How Are Pensions Addressed in an Illinois Divorce?
One of the most consequential factors in any divorce case is the division of marital assets and debts. Dividing the funds in a checking account or deciding which spouse will keep the furniture may be accomplished with relatively little complication. However, complex assets like pensions and other retirement accounts are much harder to deal with during a divorce. One reason pensions are especially hard to divide is that the final value of the pension is often unknown at the time of divorce. If you or your spouse have a pension, a skilled divorce lawyer can help you decide how to divide this important asset.
Determining Property Rights in an Illinois Divorce
Illinois law divides property into two categories in a divorce. Marital assets are those assets that were accumulated during the marriage by either spouse. Non-marital property is property that was obtained by a spouse before the marriage. Both spouses have a right to a fair share of the marital property.
Some assets are partially marital and partially non-marital. The retirement funds that were earned before the parties wed is usually separate property. The retirement funds that a spouse accumulated during the marriage may be marital property and therefore subject to division.
Valuing Pensions Can Be Complex
Before pensions can be addressed during divorce, the funds must be accurately valued. There are three main ways to value pensions in a divorce case:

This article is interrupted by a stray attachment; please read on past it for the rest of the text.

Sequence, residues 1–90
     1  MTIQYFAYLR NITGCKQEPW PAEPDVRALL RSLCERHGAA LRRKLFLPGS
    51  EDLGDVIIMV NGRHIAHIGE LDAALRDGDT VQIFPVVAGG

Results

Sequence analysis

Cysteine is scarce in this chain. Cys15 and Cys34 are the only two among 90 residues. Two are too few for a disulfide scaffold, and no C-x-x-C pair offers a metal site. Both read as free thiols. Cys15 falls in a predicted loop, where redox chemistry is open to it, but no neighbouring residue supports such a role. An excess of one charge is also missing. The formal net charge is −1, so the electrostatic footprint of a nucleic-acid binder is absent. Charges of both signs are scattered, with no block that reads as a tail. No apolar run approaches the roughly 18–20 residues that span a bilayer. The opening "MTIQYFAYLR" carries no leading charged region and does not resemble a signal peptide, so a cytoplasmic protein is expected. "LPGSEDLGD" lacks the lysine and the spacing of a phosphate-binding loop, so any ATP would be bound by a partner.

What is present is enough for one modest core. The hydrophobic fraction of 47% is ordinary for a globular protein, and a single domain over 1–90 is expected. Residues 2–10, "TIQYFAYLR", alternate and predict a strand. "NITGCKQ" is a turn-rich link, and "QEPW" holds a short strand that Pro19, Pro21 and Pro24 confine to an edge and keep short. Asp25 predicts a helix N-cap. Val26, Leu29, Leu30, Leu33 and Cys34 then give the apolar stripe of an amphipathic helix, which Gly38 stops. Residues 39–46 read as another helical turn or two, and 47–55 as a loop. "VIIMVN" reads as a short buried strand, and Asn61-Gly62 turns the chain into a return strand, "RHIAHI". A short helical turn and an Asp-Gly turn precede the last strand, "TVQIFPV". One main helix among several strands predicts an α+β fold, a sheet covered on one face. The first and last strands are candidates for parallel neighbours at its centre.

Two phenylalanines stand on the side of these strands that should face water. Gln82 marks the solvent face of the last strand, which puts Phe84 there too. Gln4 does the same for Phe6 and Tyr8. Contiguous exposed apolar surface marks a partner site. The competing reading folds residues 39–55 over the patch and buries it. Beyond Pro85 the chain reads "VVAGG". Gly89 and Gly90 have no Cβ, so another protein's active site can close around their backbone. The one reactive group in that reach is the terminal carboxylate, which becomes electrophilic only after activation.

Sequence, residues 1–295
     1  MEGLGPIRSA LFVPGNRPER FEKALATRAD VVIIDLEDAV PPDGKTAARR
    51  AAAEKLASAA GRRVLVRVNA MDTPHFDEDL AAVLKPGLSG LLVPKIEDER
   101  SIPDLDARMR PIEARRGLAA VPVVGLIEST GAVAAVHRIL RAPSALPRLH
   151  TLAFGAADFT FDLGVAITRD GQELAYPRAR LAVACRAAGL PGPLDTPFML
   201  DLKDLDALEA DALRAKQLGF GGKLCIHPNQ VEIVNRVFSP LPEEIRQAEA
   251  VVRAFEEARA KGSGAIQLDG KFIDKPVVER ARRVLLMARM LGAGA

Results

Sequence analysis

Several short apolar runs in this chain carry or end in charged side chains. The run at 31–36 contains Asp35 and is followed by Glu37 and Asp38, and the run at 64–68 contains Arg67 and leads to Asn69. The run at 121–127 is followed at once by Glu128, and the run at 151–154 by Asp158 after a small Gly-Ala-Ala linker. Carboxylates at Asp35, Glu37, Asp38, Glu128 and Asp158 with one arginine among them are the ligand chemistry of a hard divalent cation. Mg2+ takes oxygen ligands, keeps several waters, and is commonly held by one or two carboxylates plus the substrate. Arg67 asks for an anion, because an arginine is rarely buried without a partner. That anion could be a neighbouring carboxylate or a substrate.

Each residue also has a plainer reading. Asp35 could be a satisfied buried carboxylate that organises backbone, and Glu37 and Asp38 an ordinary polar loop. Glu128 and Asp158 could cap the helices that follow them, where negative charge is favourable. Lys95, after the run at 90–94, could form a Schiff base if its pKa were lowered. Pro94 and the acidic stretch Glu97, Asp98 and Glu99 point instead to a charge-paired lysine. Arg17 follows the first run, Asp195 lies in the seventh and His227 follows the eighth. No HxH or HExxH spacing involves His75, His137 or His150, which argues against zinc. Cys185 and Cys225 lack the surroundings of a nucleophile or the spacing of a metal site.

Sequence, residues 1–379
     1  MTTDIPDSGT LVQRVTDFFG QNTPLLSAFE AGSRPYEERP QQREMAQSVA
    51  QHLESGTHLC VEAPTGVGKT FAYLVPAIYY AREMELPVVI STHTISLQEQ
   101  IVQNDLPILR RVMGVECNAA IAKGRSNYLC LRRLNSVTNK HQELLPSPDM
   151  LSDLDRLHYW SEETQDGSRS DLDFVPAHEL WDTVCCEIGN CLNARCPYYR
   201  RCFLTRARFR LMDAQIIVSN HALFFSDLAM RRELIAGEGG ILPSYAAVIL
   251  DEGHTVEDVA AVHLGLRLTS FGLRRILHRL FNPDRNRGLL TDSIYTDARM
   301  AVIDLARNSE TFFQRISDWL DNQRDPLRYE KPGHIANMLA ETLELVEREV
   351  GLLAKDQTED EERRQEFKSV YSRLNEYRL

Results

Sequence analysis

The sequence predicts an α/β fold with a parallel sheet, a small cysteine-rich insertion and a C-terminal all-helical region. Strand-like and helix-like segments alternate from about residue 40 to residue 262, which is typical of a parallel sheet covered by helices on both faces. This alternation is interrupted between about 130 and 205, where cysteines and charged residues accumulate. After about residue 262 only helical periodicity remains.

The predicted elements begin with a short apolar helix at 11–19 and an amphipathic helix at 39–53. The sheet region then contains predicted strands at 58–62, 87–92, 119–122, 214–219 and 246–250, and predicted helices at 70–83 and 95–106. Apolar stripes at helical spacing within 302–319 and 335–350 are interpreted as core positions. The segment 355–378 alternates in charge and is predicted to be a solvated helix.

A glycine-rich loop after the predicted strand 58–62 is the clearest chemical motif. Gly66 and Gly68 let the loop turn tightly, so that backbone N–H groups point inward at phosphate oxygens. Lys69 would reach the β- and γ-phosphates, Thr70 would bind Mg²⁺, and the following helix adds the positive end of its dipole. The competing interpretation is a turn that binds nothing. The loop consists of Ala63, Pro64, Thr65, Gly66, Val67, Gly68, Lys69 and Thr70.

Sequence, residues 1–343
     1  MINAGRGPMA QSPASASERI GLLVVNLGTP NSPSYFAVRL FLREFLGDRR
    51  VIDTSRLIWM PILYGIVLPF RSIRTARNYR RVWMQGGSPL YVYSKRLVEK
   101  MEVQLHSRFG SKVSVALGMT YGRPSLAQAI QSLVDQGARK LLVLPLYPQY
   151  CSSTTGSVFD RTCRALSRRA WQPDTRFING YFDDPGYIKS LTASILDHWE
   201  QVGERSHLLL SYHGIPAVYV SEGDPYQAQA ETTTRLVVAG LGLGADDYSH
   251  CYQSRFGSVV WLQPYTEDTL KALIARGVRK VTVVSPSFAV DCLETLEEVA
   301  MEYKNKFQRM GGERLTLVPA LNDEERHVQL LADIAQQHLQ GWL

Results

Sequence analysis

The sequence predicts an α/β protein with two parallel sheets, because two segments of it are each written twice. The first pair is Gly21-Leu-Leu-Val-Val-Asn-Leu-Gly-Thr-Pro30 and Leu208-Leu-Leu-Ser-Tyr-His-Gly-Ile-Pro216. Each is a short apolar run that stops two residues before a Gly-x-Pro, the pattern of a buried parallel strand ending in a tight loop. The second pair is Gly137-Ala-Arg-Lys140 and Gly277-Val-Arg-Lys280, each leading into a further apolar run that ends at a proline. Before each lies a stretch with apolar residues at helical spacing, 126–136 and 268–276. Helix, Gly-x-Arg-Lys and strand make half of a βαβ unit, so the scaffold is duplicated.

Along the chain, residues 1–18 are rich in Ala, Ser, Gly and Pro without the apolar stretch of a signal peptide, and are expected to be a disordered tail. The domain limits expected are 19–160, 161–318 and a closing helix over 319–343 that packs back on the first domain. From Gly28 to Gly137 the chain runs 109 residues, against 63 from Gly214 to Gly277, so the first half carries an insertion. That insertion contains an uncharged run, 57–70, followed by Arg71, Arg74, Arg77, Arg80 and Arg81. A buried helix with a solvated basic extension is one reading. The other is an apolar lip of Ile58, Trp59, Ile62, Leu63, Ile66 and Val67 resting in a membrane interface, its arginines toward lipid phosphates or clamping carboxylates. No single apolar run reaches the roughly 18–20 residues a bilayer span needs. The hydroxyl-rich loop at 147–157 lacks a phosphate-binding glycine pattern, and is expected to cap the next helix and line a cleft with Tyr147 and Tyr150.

- Life Expectancy – The present value of a pension may be determined through the life expectancy approach. This valuation method uses the pension holder’s life expectancy to determine the pension benefits he or she will most likely receive in the future.
- Group Annuity Mortality Tables - This valuation approach uses the interest rate for a 30-year U.S. Treasury Bond and Group Annuity Mortality Tables to determine the present value of the pension.
- PBGC Actuarial and Mortality Tables- The pension’s value may also be determined using information from the Pension Benefit Guaranty Corporation (PBGC).
Legal Assistance for Property Division Concerns
Valuing and dividing pensions in a divorce is often complicated and stressful. An experienced divorce lawyer can help you determine the best way to handle the situation. In some cases, it is best for the pension holder to retain the pension funds and the other spouse to receive property of equivalent value. In other cases, it makes sense to divide the pension funds between the parties.
Contact a Palatine Divorce Lawyer for Help
If you are getting divorced, contact Arlington Heights divorce attorney Nicholas W. Richardson for help. Call 847.873.6741 for a free, confidential case assessment today.